Child Tax Credit payments start this week: What you need to know


CLEVELAND (WJW) — Families can expect extra cash in their bank accounts starting this week as advance Child Tax Credit payments start going out.

The stimulus bill that passed Congress in March expanded the Child Tax Credit. According to the U.S. Treasury Department, 39 million households, covering nearly 90 percent of children, will receive automatic monthly payments starting Thursday without needing to take any action.

Eligible families will receive monthly payments totaling half of the credit through December.

Qualifying families with children under age six will receive $300 per child each month. Families with children who are six to 17 years-old will receive $250 monthly. The remaining half of the credit will come with tax refunds, bringing the total to $3,600 per child for families with children under six and $3,000 for families with older children. It’s an increase from the previous credit of $2,000 per child.

The payments will be made automatically to families based on last year’s tax return and will be sent via direct deposit or mail, depending on how tax refunds were received.

Randy Carver, President and Founder of Carver Financial Services in Mentor, said the changes could make a significant difference for families struggling to afford childcare.

“From a macroeconomic view, I think this can actually help the economy,” Carver said. “It will allow people to go back to work that many not otherwise. The other side is, people who can use the money, it will put it in their hands immediately rather than waiting a year.”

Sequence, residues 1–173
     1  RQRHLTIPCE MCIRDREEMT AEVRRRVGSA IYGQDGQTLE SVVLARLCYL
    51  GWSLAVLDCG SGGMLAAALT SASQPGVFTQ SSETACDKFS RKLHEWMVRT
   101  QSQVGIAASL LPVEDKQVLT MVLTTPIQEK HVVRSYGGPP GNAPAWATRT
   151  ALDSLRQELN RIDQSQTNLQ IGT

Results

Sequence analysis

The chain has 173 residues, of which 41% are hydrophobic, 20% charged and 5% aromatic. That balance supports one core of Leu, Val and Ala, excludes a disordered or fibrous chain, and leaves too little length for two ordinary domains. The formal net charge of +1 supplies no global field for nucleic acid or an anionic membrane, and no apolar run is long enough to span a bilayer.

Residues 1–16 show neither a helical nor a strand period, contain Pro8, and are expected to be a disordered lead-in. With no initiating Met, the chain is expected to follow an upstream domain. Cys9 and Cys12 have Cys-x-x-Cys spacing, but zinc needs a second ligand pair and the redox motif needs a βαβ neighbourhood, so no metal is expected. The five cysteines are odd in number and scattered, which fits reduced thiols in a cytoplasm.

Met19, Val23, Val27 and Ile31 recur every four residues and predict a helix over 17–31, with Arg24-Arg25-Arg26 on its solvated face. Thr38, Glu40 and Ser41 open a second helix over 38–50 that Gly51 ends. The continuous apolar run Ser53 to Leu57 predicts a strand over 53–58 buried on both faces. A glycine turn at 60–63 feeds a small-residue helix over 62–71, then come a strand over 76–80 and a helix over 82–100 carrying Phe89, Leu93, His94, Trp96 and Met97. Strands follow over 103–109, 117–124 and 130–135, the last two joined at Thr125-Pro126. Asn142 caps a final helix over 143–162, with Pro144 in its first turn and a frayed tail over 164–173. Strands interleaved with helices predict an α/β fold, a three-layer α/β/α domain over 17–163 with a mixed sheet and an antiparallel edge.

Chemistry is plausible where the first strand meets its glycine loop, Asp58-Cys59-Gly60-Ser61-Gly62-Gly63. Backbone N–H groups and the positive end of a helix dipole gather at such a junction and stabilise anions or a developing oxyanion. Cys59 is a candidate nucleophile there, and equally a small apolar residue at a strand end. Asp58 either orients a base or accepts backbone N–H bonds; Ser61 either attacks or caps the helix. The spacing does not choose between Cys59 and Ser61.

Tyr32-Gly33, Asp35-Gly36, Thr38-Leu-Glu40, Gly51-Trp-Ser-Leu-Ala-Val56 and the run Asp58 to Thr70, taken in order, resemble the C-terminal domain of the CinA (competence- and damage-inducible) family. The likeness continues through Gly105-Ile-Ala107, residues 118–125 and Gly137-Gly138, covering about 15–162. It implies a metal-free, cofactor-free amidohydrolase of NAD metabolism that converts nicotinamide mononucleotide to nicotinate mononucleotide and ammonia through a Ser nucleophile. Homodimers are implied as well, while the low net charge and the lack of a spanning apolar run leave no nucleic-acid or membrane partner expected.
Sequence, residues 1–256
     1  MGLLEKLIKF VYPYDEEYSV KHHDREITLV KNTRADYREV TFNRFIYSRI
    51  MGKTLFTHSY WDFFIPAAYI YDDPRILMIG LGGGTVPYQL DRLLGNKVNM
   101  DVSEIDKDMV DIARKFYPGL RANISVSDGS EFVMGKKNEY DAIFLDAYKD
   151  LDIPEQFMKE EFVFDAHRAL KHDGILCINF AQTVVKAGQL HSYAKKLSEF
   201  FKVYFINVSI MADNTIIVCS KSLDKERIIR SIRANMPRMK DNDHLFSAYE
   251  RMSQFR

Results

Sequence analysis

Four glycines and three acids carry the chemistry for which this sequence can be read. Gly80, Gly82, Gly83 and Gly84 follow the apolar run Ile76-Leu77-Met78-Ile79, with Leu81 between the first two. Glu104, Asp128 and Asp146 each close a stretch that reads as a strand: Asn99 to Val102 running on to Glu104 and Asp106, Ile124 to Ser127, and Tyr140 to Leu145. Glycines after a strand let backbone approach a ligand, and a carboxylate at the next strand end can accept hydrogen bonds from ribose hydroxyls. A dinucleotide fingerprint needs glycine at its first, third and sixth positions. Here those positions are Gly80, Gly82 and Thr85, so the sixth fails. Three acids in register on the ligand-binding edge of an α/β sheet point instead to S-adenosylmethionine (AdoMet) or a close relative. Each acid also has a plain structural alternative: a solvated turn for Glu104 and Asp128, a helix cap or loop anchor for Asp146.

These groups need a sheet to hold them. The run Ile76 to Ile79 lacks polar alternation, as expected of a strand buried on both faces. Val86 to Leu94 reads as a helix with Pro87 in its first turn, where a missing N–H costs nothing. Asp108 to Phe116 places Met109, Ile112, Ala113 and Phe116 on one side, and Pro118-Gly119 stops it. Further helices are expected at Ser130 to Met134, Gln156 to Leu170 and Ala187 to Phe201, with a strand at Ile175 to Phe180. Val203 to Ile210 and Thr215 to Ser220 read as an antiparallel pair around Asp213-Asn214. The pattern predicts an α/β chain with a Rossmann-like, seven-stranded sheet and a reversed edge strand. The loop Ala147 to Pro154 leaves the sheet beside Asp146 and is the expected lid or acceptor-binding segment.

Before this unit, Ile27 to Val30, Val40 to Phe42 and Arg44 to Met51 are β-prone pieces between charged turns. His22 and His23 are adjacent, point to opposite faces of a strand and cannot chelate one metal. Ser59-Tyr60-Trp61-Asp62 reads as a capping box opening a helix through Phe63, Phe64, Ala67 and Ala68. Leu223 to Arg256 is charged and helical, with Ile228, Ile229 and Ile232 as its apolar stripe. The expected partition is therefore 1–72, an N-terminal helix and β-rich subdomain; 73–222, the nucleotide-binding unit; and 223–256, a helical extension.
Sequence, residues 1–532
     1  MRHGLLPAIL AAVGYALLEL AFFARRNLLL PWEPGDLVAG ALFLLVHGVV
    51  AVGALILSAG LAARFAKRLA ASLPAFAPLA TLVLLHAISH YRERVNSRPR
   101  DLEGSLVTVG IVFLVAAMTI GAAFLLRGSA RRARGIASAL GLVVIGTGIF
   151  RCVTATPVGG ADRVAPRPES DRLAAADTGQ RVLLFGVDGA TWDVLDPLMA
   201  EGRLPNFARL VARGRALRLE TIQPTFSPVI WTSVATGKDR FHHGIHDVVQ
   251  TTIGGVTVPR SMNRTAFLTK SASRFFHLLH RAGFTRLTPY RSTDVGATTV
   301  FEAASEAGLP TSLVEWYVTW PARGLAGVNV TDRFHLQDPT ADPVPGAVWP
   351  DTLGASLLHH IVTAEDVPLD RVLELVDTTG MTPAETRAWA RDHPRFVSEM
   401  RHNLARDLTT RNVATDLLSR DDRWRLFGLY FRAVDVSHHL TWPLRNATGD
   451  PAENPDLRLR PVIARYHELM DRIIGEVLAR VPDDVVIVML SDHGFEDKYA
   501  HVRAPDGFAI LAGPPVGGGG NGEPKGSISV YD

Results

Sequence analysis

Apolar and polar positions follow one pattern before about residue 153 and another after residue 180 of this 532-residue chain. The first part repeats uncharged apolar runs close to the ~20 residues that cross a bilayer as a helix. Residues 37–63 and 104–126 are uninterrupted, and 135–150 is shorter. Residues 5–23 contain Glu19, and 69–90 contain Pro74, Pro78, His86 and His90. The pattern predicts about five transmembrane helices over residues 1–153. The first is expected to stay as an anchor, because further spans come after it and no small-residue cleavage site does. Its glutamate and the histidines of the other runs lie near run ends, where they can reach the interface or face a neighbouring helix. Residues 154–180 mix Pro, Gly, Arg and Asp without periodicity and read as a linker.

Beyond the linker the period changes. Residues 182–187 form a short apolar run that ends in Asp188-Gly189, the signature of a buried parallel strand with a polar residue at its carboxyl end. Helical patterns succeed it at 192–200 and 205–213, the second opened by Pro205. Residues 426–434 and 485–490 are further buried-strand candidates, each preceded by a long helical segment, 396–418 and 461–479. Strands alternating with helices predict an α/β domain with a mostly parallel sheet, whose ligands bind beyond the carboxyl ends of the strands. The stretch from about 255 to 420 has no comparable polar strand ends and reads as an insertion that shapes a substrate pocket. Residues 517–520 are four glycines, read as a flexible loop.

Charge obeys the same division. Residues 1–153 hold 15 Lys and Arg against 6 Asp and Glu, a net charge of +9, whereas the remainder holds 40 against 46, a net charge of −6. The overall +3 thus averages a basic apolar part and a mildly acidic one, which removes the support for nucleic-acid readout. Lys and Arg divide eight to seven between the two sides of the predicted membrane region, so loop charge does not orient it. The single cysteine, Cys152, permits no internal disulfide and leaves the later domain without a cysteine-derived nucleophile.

Even those with no income or who didn’t file taxes can qualify but need to submit information through an online IRS portal.

“Keep in mind this is temporary,” Carver said. “It’s only going to be for this year, so people should be careful about relying on it unless it’s extended, which Congress is trying to do.”

The Biden Administration has proposed extending the expanded tax credit for five years. Some Republicans have argued work requirements should be added for anyone receiving the payments.

There are income limits for a full credit, but even couples filing jointly with an adjusted gross income below $440,000 are eligible to receive at least a partial credit.

Experts advise that some people may want to opt out of the payments to receive the full credit when they file taxes or if their family or financial situation has changed, so they don’t have to repay the money.

More information about the Child Tax Credit is available from the IRS by clicking here.

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